Constants (astropy.constants)

Introduction

astropy.constants contains a number of physical constants useful in Astronomy. Constants are Quantity objects with additional meta-data describing their provenance and uncertainties.

Getting Started

To use the constants in S.I. units, you can import the constants directly from the astropy.constants sub-package:

>>> from astropy.constants import G

or, if you want to avoid having to explicitly import all the constants you need, you can simply do:

>>> from astropy import constants as const

and then subsequently use for example const.G. Constants are fully-fledged Quantity objects, so you can easily convert them to different units for example:

>>> print(const.c)
  Name   = Speed of light in vacuum
  Value  = 299792458.0
  Uncertainty  = 0.0
  Unit  = m / s
  Reference = CODATA 2014

>>> print(const.c.to('km/s'))
299792.458 km / s

>>> print(const.c.to('pc/yr'))  
0.306601393788 pc / yr

and you can use them in conjunction with unit and other non-constant Quantity objects:

>>> from astropy import units as u
>>> F = (const.G * 3. * const.M_sun * 100 * u.kg) / (2.2 * u.au) ** 2
>>> print(F.to(u.N))  
0.3675671602160826 N

It is possible to convert most constants to cgs using e.g.:

>>> const.c.cgs  
<Quantity   2.99792458e+10 cm / s>

However, some constants are defined with different physical dimensions in cgs and cannot be directly converted. Because of this ambiguity, such constants cannot be used in expressions without specifying a system:

>>> 100 * const.e
Traceback (most recent call last):
    ...
TypeError: Constant u'e' does not have physically compatible units
across all systems of units and cannot be combined with other
values without specifying a system (eg. e.emu)
>>> 100 * const.e.esu  
<Quantity 4.8032045057134676e-08 Fr>

Collections of constants (and prior versions)

Constants are organized into version modules. The constants for Astropy 1.3 can be accessed in the astropyconst13 module. For example:

>>> from astropy.constants import astropyconst13 as const
>>> print(const.e)
  Name   = Electron charge
  Value  = 1.602176565e-19
  Uncertainty  = 3.5e-27
  Unit  = C
  Reference = CODATA 2010

Physical CODATA constants are in modules with names like codata2010 or codata2014:

>>> from astropy.constants import codata2010 as const
>>> print(const.h)
  Name   = Planck constant
  Value  = 6.62606957e-34
  Uncertainty  = 2.9e-41
  Unit  = J s
  Reference = CODATA 2010

Astronomical constants defined (primarily) by the IAU are collected in modules with names like iau2012 or iau2015:

>>> from astropy.constants import iau2012 as const
>>> print(const.L_sun)
  Name   = Solar luminosity
  Value  = 3.846e+26
  Uncertainty  = 5e+22
  Unit  = W
  Reference = Allen's Astrophysical Quantities 4th Ed.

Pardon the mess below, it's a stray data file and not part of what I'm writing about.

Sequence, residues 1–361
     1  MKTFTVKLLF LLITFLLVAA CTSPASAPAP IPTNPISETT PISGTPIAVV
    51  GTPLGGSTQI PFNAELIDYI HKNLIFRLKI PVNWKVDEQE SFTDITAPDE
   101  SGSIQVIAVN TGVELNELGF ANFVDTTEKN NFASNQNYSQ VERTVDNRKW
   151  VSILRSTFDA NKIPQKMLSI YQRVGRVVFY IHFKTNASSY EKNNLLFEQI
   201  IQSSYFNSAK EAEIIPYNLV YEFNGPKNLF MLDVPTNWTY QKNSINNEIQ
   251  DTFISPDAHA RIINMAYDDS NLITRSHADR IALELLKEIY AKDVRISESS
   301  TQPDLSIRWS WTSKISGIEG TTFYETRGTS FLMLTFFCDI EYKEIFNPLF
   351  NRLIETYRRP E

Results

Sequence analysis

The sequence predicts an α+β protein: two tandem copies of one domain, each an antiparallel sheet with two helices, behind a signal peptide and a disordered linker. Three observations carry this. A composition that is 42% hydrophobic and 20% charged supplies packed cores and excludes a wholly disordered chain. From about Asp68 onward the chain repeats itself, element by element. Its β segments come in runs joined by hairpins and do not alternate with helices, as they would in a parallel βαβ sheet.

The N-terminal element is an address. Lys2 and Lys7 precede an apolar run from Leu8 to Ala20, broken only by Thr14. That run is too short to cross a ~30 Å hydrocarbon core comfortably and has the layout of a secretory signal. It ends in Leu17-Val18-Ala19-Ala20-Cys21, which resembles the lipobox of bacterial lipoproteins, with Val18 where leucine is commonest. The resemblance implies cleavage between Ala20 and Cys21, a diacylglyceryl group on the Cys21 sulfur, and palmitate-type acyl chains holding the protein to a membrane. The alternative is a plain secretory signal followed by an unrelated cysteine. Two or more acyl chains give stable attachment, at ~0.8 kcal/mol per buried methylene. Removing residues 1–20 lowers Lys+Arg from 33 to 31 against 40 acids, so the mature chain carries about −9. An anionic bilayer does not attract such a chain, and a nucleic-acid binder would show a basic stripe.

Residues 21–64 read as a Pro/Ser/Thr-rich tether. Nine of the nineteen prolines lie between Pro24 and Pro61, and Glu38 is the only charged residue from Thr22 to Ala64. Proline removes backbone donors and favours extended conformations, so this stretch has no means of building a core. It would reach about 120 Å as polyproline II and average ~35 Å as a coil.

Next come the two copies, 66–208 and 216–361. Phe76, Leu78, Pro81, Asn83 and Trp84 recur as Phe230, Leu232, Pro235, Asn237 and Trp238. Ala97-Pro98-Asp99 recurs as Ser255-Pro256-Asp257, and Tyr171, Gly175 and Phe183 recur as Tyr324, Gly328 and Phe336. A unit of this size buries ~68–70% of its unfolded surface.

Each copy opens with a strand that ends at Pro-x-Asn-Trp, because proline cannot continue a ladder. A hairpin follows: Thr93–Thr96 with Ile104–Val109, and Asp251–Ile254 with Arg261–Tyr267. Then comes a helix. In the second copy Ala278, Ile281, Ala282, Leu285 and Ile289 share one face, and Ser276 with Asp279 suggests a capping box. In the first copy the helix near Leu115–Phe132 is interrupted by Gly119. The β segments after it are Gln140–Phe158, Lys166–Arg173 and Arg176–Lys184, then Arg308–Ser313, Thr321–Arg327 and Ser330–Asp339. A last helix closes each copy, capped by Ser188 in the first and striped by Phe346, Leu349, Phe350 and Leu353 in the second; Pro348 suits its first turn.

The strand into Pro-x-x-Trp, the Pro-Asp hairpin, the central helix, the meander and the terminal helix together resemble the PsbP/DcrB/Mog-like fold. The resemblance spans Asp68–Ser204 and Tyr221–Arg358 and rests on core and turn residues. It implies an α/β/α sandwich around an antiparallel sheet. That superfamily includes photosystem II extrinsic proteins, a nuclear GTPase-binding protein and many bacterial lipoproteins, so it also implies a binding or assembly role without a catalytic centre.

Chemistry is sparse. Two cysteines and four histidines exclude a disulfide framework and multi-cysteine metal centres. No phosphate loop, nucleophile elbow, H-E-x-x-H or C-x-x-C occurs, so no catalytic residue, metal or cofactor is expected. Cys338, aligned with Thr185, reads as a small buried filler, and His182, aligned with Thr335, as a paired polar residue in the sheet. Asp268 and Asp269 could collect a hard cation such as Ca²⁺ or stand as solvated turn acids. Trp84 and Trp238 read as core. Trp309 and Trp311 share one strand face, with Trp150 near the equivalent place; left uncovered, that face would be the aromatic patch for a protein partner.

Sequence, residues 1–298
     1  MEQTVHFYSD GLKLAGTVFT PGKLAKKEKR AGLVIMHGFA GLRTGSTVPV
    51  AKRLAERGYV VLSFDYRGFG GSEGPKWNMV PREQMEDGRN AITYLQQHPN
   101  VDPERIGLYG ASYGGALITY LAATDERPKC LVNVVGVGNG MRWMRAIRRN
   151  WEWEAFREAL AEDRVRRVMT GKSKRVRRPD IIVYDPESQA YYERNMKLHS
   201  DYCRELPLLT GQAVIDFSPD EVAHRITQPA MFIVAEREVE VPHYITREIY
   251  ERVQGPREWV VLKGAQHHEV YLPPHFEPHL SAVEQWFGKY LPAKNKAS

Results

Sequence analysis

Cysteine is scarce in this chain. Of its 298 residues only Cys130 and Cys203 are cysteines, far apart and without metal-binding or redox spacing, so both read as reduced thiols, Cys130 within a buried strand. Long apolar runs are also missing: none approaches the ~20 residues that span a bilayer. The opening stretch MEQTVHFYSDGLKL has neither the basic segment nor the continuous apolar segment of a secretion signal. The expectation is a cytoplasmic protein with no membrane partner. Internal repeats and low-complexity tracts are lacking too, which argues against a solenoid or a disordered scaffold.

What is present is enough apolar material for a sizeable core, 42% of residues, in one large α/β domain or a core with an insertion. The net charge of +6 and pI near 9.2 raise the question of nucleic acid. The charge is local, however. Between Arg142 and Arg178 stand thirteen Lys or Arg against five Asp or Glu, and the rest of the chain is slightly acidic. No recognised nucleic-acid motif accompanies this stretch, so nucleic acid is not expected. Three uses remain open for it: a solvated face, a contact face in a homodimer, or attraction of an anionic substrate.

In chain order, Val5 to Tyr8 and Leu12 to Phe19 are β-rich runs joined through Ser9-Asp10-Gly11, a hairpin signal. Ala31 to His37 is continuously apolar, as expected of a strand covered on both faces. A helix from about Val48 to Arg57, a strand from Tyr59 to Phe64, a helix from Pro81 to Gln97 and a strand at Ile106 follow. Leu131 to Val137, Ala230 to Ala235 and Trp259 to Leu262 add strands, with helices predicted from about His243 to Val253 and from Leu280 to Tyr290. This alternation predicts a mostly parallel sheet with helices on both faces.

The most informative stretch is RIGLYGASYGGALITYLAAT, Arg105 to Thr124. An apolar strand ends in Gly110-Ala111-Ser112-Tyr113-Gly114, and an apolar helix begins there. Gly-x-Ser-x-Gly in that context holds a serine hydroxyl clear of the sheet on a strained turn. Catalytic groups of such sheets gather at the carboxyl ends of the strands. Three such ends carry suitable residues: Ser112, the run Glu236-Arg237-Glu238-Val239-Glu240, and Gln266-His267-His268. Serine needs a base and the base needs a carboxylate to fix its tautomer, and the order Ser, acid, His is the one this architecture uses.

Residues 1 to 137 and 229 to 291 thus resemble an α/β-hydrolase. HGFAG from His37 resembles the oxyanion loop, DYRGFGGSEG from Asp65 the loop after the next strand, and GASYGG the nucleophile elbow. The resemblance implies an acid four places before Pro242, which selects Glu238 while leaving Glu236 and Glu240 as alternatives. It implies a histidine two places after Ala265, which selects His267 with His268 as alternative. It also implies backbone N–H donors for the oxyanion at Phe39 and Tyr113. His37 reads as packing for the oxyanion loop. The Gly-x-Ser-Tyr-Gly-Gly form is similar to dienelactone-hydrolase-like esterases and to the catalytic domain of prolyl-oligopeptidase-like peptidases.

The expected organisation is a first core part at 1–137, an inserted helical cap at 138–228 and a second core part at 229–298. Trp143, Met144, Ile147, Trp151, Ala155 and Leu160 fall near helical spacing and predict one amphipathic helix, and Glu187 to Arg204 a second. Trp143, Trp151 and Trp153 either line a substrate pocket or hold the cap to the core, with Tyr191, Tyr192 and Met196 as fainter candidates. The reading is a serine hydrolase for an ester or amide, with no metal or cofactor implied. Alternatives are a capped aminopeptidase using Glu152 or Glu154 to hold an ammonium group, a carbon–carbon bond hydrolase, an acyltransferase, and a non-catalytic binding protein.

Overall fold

>>> from astropy.constants import iau2015 as const
>>> print(const.L_sun)
  Name   = Nominal solar luminosity
  Value  = 3.828e+26
  Uncertainty  = 0.0
  Unit  = W
  Reference = IAU 2015 Resolution B 3

The astronomical and physical constants are combined into modules with names like astropyconst13 and astropyconst20.

Warning

Units such as u.M_sun will use the current version of the corresponding constant. When using prior versions of the constants, quantities should be constructed with constants instead of units.

Reference/API

astropy.constants Package

Contains astronomical and physical constants for use in Astropy or other places.

A typical use case might be:

>>> from astropy.constants import c, m_e
>>> # ... define the mass of something you want the rest energy of as m ...
>>> m = m_e
>>> E = m * c**2
>>> E.to('MeV')  
<Quantity 0.510998927603161 MeV>

The following constants are available:

Name Value Unit Description
G 6.67408e-11 m3 / (kg s2) Gravitational constant
N_A 6.02214086e+23 1 / (mol) Avogadro’s number
R 8.3144598 J / (K mol) Gas constant
Ryd 10973731.6 1 / (m) Rydberg constant
a0 5.29177211e-11 m Bohr radius
alpha 0.00729735257   Fine-structure constant
atm 101325 Pa Standard atmosphere
b_wien 0.0028977729 m K Wien wavelength displacement law constant
c 299792458 m / (s) Speed of light in vacuum
e 1.60217662e-19 C Electron charge
eps0 8.85418782e-12 F/m Electric constant
g0 9.80665 m / s2 Standard acceleration of gravity
h 6.62607004e-34 J s Planck constant
hbar 1.0545718e-34 J s Reduced Planck constant
k_B 1.38064852e-23 J / (K) Boltzmann constant
m_e 9.10938356e-31 kg Electron mass
m_n 1.67492747e-27 kg Neutron mass
m_p 1.6726219e-27 kg Proton mass
mu0 1.25663706e-06 N/A2 Magnetic constant
muB 9.27400999e-24 J/T Bohr magneton
sigma_T 6.65245872e-29 m2 Thomson scattering cross-section
sigma_sb 5.670367e-08 W / (K4 m2) Stefan-Boltzmann constant
u 1.66053904e-27 kg Atomic mass
GM_earth 3.986004e+14 m3 / (s2) Nominal Earth mass parameter
GM_jup 1.2668653e+17 m3 / (s2) Nominal Jupiter mass parameter
GM_sun 1.3271244e+20 m3 / (s2) Nominal solar mass parameter
L_bol0 3.0128e+28 W Luminosity for absolute bolometric magnitude 0
L_sun 3.828e+26 W Nominal solar luminosity
M_earth 5.97236473e+24 kg Earth mass
M_jup 1.89818717e+27 kg Jupiter mass
M_sun 1.98847542e+30 kg Solar mass
R_earth 6378100 m Nominal Earth equatorial radius
R_jup 71492000 m Nominal Jupiter equatorial radius
R_sun 695700000 m Nominal solar radius
au 1.49597871e+11 m Astronomical Unit
kpc 3.08567758e+19 m Kiloparsec
pc 3.08567758e+16 m Parsec

Classes

Constant A physical or astronomical constant.
EMConstant An electromagnetic constant.

Class Inheritance Diagram

Inheritance diagram of astropy.constants.constant.Constant, astropy.constants.constant.EMConstant